One last thing you can do with Teams is to collaborate on email drafts together. This works similarly to Google Docs, as edits and changes occur in real time, though there's a slight delay. Since each member's assigned a color, you can see where they are in the draft due to their cursor color. However, only the creator can actually send the message.
There are two tiers of team accounts: Free and Premium. With the free tier, you'll get 5GB of storage for files, two active collaborators, standard link sharing for emails, no team roles, and standard support.
If you go for Premium, you'll get 10GB of storage, unlimited members, advanced link sharing settings, specified roles, and priority support. The Premium level costs $7.99 a month per user, or $5.99 a user if billed annually.
Honestly, I don't see myself using the team feature too much, as I still think it's easier to use something like Slack for chat. Plus, it's all proprietary — what if someone in the team doesn't want to use Spark?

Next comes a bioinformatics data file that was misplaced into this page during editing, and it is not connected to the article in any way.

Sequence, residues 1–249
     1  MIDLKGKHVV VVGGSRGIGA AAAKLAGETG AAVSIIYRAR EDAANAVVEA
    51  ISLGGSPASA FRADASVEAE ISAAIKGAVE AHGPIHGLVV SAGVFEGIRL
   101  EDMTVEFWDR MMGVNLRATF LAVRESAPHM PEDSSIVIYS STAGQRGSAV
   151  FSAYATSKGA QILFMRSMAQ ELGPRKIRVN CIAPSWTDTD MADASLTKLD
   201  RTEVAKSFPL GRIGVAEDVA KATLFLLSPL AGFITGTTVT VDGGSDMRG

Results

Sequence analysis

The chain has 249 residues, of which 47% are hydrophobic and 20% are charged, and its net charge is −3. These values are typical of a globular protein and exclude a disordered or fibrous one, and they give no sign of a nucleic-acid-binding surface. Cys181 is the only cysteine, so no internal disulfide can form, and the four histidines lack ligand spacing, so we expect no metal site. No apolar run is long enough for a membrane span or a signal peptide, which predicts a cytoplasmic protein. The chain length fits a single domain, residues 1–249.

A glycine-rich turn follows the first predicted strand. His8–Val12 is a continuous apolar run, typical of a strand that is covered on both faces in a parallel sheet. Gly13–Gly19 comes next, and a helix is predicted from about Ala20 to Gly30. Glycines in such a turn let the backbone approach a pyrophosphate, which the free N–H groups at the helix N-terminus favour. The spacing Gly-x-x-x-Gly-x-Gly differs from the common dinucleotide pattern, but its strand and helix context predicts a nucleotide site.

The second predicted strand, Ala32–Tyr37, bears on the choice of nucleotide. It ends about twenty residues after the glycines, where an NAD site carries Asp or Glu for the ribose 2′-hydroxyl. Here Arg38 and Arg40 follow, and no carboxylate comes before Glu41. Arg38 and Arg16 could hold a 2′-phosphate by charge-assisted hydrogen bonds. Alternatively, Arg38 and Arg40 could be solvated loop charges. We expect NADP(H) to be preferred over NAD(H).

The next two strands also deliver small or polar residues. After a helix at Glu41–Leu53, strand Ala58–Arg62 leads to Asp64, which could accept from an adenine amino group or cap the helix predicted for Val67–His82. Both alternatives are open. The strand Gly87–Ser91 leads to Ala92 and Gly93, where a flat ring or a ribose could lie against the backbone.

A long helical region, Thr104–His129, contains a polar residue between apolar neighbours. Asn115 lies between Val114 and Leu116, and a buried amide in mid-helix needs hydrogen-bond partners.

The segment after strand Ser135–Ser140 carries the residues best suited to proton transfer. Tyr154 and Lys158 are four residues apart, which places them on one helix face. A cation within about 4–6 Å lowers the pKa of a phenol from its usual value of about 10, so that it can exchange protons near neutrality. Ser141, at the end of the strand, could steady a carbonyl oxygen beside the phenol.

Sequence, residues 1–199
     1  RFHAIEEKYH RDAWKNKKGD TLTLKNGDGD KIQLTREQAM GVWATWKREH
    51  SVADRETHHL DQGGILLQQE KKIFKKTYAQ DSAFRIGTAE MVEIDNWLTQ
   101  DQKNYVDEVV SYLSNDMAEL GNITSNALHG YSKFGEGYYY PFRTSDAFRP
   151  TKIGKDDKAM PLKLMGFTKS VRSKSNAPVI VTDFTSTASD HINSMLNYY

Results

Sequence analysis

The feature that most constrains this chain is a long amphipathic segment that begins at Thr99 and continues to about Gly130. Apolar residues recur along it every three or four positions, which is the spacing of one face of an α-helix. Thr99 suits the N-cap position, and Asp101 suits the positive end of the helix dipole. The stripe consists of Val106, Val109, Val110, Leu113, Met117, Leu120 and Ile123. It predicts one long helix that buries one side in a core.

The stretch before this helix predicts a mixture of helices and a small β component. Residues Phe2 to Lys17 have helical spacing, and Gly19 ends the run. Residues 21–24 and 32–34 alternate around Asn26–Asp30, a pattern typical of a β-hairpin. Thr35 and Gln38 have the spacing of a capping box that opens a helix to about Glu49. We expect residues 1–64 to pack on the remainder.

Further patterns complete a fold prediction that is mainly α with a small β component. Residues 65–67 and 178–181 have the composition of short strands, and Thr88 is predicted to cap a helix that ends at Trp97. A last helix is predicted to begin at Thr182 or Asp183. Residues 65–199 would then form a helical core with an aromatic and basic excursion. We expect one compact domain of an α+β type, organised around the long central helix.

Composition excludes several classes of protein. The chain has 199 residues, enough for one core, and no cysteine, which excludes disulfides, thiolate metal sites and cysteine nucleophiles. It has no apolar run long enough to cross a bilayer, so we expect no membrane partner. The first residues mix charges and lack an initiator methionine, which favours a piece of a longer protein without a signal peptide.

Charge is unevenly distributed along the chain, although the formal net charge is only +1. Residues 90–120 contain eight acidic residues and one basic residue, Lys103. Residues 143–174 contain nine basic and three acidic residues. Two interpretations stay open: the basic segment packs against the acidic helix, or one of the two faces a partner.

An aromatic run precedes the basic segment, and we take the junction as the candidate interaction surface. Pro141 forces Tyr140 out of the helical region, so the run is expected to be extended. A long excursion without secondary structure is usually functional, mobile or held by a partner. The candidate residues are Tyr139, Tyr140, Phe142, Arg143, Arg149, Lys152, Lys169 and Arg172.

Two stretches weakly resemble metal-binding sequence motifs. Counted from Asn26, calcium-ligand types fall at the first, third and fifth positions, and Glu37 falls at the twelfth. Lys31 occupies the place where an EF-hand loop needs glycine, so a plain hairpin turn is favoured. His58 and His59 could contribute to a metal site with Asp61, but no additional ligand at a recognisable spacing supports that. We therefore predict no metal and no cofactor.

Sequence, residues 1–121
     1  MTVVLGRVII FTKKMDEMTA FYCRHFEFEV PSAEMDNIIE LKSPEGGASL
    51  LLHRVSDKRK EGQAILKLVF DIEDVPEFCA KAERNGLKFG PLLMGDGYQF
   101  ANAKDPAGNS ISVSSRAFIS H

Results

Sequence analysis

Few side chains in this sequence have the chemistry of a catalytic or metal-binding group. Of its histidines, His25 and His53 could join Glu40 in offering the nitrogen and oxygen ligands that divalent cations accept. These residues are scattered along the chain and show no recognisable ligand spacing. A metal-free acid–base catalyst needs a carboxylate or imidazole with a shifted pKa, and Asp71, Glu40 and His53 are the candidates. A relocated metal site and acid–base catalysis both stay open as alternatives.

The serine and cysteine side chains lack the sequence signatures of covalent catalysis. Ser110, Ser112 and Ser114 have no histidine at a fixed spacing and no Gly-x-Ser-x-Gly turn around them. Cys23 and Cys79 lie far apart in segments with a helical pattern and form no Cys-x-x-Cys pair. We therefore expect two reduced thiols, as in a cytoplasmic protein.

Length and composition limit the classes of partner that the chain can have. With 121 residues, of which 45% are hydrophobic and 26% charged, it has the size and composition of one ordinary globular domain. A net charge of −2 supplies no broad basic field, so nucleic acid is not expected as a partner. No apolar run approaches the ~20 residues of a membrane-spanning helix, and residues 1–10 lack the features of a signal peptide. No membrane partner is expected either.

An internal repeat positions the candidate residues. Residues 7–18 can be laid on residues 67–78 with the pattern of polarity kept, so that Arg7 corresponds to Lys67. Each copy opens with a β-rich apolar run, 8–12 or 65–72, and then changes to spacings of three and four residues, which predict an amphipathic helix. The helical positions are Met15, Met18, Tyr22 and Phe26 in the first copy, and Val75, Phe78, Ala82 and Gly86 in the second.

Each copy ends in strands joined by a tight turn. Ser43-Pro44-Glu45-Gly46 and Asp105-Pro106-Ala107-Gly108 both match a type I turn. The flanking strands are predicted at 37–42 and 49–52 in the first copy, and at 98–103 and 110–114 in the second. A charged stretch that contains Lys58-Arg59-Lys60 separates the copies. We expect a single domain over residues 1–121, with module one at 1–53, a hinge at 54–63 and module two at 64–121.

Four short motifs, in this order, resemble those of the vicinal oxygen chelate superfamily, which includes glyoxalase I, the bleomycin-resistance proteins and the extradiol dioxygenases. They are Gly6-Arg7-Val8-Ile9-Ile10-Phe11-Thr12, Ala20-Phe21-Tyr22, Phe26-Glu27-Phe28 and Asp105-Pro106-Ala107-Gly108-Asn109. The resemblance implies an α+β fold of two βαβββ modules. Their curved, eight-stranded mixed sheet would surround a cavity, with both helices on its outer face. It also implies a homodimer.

However, the sharing with team members is definitely nice, since it doesn't clog up the other person's inbox and you don't have to see the ugly "Re: Fwd:" in subject headers all day. I also see a seldom use case for the draft collaboration feature, but I guess it depends on the type of work you're doing.
I'm satisfied with the new app integrations though, as these are much more useful to me. Spark has been my primary email app for quite some time now, and with this update, that streak continues.